Recently I got into the show Extreme Couponing, on TLC. It’s fascinating, and it’s full of tips on how to get the most mileage out of your food budget, and stuffed with drama onscreen and off. I had shied away from coupons for years, but one recent episode asserted that you can get more than junk food. So I tried it. And it’s true.
Those couponers on TLC are… more than a little crazy. All the ones I’ve seen would have to be classified as hoarders; first they hoard coupons then they hoard a year’s worth of goods. I’m not suggesting anyone clear out the garage and install library shelving so you too can have a $20,000 stash of goods bought at less than wholesale. But I do know after 5 week’s research and shopping that you can easily save 30-60% off items for which you have coupons, and here and there you can get an item free. Once I've had the store pay me to take an item home (they accepted a $1/2 coupon for a set of items, one of which turned out to be free at transaction's end; they paid me 50 cents to take it home).
According to the USDA, a family of four with children under 5-years-old spend $800 to $1000 monthly on food. Even on a thrifty plan, they spend $520 a month. With coupons and careful shopping, anyone, no matter their spending level, should be able to cut 30% off their grocers’ bill. In a week. Note that $800 a month x 30% saved = $240 a month saved, or about $3,000 a year. This seems like reasonable couponing to me. My goal is not to be an Extremist, but a Zen Couponer; if you rarely use coupons, consider yourself labeled: Dabbler.
The reason the Extreme Couponers on TLC attract attention is that they go to great – sometimes illegal – lengths to acquire coupons and cheap or free products. The illegal methods are anecdotally interesting, and include a method of using coupons for products other than those intended (coupon fraud resulted in a change in the UPC codes on coupons, to tie them to the intended items). Suffice it to say that trespassing and stealing your neighbor’s purchased subscription are illegal (criminal trespass and petty theft), as is buying coupons (which constitutes fraud in the coupon’s fine print). Dumpster diving may be illegal in your area. Certainly it's gross, and extreme.
Here’s the problem with hoarding coupons: it’s difficult to come by dozens of coupons for the same item, and pair them with the right deal before they expire. I’ve been clipping coupons since late October. The coupon cycle is 12 weeks. That is, most of my coupons expire Dec. 31, no matter when I clipped them. On January first, 90% of my coupons will make a very colorful ticker-tape parade for the babies' second New Year.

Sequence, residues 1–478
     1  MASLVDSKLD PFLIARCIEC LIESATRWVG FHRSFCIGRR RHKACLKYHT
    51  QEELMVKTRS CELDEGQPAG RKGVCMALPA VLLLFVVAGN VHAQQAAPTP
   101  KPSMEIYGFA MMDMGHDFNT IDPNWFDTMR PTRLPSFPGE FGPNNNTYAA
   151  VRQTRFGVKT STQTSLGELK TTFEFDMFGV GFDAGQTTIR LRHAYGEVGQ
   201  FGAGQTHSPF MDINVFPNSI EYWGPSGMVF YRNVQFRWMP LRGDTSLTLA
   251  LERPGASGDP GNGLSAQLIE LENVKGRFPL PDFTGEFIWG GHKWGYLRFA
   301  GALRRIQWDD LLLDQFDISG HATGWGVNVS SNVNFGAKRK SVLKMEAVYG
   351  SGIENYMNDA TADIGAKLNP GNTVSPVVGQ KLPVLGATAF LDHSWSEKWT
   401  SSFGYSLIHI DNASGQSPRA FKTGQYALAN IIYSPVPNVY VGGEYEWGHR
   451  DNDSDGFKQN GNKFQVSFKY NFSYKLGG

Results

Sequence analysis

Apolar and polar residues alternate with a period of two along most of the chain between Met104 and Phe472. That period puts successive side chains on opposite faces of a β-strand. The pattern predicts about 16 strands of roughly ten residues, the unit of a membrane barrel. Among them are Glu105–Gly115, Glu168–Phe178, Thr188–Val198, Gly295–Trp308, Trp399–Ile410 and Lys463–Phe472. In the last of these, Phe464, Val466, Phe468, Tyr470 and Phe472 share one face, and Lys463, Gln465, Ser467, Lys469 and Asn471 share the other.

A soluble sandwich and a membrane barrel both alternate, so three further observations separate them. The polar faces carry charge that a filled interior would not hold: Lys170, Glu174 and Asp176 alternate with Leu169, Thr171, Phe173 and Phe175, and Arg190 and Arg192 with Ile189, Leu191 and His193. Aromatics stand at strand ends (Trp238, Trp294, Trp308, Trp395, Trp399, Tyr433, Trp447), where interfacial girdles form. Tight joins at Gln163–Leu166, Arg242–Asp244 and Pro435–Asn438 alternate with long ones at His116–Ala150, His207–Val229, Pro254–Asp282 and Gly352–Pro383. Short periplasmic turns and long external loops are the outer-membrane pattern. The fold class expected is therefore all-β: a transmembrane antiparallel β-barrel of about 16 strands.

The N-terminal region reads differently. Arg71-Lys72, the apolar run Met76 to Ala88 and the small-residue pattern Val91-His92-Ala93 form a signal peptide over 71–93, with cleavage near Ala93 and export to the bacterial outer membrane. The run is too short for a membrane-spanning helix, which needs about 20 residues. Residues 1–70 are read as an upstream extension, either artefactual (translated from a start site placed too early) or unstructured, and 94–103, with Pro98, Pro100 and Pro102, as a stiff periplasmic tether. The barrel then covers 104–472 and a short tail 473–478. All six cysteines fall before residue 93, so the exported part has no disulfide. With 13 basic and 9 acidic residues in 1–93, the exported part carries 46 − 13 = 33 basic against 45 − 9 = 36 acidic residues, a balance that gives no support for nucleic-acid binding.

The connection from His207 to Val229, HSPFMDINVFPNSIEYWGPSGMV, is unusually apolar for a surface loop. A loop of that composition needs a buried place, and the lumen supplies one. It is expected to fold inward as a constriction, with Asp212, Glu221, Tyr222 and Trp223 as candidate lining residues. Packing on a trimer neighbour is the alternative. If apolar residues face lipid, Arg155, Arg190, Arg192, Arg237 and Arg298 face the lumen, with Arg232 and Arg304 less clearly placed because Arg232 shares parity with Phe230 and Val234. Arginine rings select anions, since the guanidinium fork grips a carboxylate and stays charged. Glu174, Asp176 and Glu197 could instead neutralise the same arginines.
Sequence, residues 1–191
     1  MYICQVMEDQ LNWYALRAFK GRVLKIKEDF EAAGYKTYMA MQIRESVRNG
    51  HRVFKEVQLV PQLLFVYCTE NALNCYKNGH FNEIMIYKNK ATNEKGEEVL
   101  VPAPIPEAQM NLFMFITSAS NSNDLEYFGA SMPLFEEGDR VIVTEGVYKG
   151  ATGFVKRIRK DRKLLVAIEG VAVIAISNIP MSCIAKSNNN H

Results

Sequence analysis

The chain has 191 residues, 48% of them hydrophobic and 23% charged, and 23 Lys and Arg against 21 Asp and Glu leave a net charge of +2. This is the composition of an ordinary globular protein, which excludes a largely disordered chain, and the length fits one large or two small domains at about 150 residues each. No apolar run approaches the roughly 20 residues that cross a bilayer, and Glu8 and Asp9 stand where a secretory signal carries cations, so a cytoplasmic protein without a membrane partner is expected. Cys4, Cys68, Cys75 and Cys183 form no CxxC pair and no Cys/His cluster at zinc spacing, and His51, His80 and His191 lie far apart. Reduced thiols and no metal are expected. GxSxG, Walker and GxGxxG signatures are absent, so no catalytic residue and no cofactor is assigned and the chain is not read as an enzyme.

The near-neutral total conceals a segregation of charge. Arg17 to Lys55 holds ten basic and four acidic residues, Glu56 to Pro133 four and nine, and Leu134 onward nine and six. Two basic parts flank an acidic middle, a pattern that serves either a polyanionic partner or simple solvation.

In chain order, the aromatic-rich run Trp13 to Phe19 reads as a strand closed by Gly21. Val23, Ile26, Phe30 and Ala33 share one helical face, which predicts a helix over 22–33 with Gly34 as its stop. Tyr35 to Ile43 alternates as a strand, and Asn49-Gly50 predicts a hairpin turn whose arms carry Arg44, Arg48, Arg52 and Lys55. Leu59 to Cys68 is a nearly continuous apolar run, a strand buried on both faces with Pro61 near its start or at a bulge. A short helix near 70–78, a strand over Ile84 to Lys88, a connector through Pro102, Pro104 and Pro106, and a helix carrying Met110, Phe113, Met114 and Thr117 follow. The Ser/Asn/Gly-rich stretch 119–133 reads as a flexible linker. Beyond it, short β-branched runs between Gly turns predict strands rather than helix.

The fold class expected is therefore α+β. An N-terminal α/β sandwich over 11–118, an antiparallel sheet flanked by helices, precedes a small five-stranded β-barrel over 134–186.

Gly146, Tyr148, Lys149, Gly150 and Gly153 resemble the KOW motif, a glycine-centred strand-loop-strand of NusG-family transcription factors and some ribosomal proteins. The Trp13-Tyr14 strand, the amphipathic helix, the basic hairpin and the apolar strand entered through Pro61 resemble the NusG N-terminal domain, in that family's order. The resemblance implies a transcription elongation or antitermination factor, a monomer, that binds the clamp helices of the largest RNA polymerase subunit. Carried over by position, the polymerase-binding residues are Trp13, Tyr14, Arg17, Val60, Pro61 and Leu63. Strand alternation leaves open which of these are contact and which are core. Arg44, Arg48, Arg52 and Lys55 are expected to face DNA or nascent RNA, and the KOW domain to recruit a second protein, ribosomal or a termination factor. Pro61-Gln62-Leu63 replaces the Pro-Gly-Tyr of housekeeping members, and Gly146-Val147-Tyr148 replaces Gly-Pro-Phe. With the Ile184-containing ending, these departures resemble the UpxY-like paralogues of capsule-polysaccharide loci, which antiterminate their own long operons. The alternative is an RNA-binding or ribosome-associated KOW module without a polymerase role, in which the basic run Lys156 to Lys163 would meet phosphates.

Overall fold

Before you get started, commit to Zen Couponing. To me this means having one place in my life where I exert organized control (did I mention I have twins?), and have a little fun while seeing how much I can squeeze out of a good deal for items I really want or need. Zen Couponing is fun; I do not stress over expired coupons, just let them float into the recycle bin; certainly Zen Couponers are savvy shoppers, but they are not so emotionally invested that losing out on one (or many) coupons feels like they "lost a family member", as one Extreme Couponer on TLC's show asserted. Expired coupons make fun confetti; that's all.
Zen Couponing, like many profitable hobbies, is fun, enlivening, and offers ample opportunities for rewards without the extremes reached by Extremists. Zen Couponers buy items they need whether they have a coupon or not, they do not go out of their way to make purchases they wouldn't normally make, and they maintain a small stockpile of dry goods and needful items.
I'm brand loyal. For anything that is going in (food, drink) or on (lotion, makeup, detergent) my body, I am particular. We use only Tide Free detergent, Dreft for the kids, and buy organic veggies, fruits, and meats. Every time I put the boys in something other than Pampers they get diaper rash. However, everything else is up for grabs. Toilet Tissue? Razors? Sponges? Who cares what brand of trash bag you use? You're just going to put trash in it.
In college, one of my professors (Sociology) told our class that almost any product has one of two to five manufacturers. Pick a product: TP, car, shampoo, trash bags, candy. Any product. The number of manufacturers making that product is between two and five. (Test Yourself: name more than 3 brands of anything.) Which means you're likely to find coupons for those major manufacturers' products regularly. Smaller companies, such as Earth's Best (I like their toddler foods and diapers), don't put out coupons, usually. But the large companies put out so many it's easy to create a large stockpile in just a few months.
My question is: Why would you want to?
No one needs 500 rolls of toilet paper in a basement storehouse, unless they’re running a mid-size business, or selling the excess to neighbors and eBayers. I actually wonder if many of TLC's Extremists are actually running small neighborhood stores out of their homes. It's assured no one needs 1000 razors to last them until the next big sale. A three-month supply is plenty for dry goods, a three-week supply is plenty for foods. Meat goes bad even in the freezer after 3 months. Why keep 12 years of detergent when you’ll be moving on from college in a few years? Why paint “The Joneses’ Store” on the door to your hoard of freebies? Why does the show’s announcer refer to these hoards as “minit-marts” and “in-home stores”? Hmmm.
Zen Couponing means keeping it small, manageable, organized, and still save half off goods you normally buy without devoting a room of your house to it. If you have the room for a store in your home -- a huge pantry, a large unused utility room, an empty bedroom -- go for it. Most of us would rather use the space.
The Extremists remind me of the Steven Wright joke: “You can’t have everything. Where would you put it?”